Job searching invites a range of emotions: it can be worrisome to disengage from an ill-fitting position, to nab your first professional role or to reestablish yourself after a hiatus. It can also be a thrill: there are scores of interesting roles and enticing employers abound.
It’s exciting to spot an ideal position at a great organization. With heart racing, you write a sincere, impassioned cover letter and tweak your resume. But when you go to submit your materials, you discover that an intricate, exhausting application is also required.
Your heart sinks. Really? They want salary history and expectations in a space where there’s no opportunity to defer or to offer an explanation. For real? They want you to check a box labeling yourself “disabled” if you have any ailments from their indicated list? Um, is this legal? Next, they need your citizenship status, gender identification, and race. Oh, also, they require an aptitude test.
Submitting this information to an organization with which you have no relationship goes against everything you’ve learned about protecting your confidential information. Plus, it gives you pause about that employer you were so excited about. If they treat potential employees like this, how do they treat staff?
What’s the deal with these invasion job applications?
According to the Society for Human Resources Management (SHRM), some employers collect applicants’ data to track the companies’ recruitment practices. SHRM notes: “[E]mployers may be working to measure the validity of a selection procedure. . . Employers that are subject to affirmative action requirements are required to collect anonymous data on race and sex from applicants.”
This makes sense, but it doesn’t explain the bulk of data that some employers collect. HR guru and Forbes contributor Liz Ryan explains: “Their purpose is to weed people out, not to welcome them in.”
And what about those aptitude tests? Nick Corcodilos, recruitment expert from Ask the Headhunter explains: “They’d rather spend money on tests to filter you in or out, then spend the hiring manager’s time to interview you to make a judgment.”
So again, the strategy is to ask you to pony up your personal information, making it easier on their side to quickly sort candidates’ materials.
The legal strategy
While having all applicant data in an easy-to-review format may be one draw for companies, they also have a legal responsibility to properly vet candidates.
Edith L. Curry, J.D., writes: “Prudent employers should take all legally available means to screen job applicants and verify their character, qualifications, and abilities. . . Indeed, employers’ failure to perform adequate background checks may open the door to costly ‘negligent hiring’ litigation should an employee harm a customer or co-worker when evidence of such behavior could have been discovered prior to the hiring. Therefore, when considering the privacy interests of job applicants and potential employees, as opposed to existing employees, courts more likely defer to employer decisions to collect personal information.”5 Job Interview Questions You Never Have to Answer — and Here’s Why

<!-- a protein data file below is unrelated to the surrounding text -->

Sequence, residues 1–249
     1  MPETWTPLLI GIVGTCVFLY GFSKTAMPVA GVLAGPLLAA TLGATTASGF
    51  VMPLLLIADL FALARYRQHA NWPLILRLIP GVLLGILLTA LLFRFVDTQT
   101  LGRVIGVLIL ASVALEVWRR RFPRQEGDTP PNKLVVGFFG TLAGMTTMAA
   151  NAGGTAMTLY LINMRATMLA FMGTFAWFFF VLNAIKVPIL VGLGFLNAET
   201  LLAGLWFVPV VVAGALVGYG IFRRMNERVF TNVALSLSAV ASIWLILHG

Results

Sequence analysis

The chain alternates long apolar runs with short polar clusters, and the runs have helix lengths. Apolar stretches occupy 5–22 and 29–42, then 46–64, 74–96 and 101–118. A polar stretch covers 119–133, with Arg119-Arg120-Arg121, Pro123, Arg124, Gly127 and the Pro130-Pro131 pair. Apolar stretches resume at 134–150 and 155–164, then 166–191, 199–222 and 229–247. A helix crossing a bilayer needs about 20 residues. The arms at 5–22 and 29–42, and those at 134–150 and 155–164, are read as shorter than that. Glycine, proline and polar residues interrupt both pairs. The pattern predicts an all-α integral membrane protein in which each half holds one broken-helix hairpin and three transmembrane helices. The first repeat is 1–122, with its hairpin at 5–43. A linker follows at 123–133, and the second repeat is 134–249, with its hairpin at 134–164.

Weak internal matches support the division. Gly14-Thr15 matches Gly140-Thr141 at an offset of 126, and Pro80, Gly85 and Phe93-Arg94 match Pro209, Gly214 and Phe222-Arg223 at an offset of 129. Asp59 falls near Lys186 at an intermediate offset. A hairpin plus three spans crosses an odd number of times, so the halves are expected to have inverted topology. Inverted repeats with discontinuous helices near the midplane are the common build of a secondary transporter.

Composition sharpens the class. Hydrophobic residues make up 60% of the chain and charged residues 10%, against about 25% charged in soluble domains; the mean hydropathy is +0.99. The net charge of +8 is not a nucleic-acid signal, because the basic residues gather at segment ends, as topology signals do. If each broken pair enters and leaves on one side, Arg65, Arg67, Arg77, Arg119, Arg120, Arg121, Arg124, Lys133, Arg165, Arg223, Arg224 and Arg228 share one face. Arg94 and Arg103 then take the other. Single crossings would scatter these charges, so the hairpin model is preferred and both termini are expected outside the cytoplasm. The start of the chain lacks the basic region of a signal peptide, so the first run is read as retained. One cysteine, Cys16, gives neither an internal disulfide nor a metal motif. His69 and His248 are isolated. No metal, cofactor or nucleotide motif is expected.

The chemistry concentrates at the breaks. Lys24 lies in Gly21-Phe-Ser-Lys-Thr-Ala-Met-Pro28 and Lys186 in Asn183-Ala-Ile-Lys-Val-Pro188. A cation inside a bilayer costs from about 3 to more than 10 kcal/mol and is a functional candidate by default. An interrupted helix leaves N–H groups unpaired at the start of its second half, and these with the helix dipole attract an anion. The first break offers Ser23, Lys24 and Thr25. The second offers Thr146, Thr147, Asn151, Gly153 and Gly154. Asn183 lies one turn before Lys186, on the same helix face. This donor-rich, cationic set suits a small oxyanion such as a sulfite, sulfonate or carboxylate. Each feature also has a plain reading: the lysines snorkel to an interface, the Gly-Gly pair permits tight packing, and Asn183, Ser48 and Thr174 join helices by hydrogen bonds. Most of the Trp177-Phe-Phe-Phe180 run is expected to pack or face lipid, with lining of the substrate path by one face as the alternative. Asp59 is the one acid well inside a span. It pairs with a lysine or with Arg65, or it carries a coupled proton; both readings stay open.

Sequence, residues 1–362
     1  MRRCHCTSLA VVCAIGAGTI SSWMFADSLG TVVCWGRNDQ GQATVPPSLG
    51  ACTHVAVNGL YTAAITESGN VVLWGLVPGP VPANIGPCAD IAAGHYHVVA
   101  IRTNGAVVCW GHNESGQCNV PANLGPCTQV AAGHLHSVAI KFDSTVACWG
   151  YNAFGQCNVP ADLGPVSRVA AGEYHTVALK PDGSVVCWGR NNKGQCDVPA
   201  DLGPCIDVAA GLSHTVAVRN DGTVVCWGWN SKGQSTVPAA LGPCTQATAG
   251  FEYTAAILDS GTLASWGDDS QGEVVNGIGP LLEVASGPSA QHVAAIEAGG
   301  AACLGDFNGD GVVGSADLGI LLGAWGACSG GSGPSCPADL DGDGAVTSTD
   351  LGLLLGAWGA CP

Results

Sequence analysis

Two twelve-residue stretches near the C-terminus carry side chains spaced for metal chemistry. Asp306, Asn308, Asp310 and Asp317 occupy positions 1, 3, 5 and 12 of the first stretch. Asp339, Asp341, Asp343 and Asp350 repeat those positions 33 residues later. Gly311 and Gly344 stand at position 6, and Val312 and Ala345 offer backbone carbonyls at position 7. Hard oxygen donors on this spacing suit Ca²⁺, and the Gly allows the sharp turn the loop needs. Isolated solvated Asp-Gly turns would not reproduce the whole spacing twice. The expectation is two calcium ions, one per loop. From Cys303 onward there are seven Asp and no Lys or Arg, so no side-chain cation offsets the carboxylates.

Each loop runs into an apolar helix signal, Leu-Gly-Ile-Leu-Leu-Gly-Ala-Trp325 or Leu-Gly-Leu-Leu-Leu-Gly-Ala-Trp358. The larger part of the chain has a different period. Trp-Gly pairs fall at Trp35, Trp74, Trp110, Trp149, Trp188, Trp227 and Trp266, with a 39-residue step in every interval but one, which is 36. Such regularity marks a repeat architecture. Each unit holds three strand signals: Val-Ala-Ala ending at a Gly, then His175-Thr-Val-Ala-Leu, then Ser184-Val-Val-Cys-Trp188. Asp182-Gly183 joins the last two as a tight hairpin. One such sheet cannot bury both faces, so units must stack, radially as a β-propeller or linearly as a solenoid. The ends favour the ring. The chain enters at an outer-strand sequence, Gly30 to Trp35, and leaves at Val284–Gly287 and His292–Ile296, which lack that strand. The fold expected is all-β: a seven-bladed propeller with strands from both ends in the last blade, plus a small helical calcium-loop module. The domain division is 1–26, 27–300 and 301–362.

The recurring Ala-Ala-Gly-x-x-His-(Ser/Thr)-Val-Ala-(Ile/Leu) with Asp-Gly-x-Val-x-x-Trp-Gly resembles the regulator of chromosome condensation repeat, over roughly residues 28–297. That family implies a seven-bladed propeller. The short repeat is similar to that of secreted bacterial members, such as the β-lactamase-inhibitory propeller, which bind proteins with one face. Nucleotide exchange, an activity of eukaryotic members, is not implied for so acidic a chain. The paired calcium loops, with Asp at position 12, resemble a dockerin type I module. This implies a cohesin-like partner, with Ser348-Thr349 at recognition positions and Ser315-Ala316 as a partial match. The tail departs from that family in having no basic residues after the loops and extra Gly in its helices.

Protecting sensitive information
Employers have an obligation to protect the information they amass. Roy Maurer, writing for SHRM, explains: “Once this information is exposed, companies not only suffer financial and reputational loss, they can be prosecuted by federal regulators for failing to protect individuals’ sensitive information.” The stakes are high for companies to properly secure candidates’ information.
Job seeker strategies
Sharon Potsch, CSP, Talent Engagement Director for Wunderland Group, advises: “Online applications can oftentimes be clunky and require job seekers to ad-hoc About Me sections above and beyond a resume. . . While it’s tempting to avoid these online applications altogether, networking your way through a search can’t be your only method. Eventually, you’ll find a role where the only way in involves filling out an online application.” Potsch elaborates: “Effective job searches should be thought of as a pie: every method of search should be a piece including networking, company research, working with recruiters, and, yes, online applications.”Employers, Please Stop Asking For Our Salary Histories
So how can you streamline this? Potsch recommends: “Create ‘boilerplate’ copy. The templated copy you create should describe three main areas typically asked in the application process:”
- Something About Yourself
- Ways you go ‘Above & Beyond’
- Extracurricular activities, clubs, and awards.
“This boilerplate copy can then be multi-purposed into quick email cover letters or witty quips for follow-up emails.”
Potsch also points out the importance of language. “Optimize your content. . . the words and phrases used in the job description mirror the words and phrases the recruiters are most likely using to find applicable resumes. Don’t let these precious clues go by unnoticed. Ensure that each section of Free Form content makes use of these relevant keywords and phrases. This helps ensure your resume will be found by the recruiting or applicant sourcing support leverage by the organization. Templated, keyword-rich copy saves time and mental energy allowing you to channel your energies on getting through the Online Application Hoops so that you can get yourself to the interview.”
Streamlining your approach makes the application process cleaner and easier.
Good luck! You’ve got this!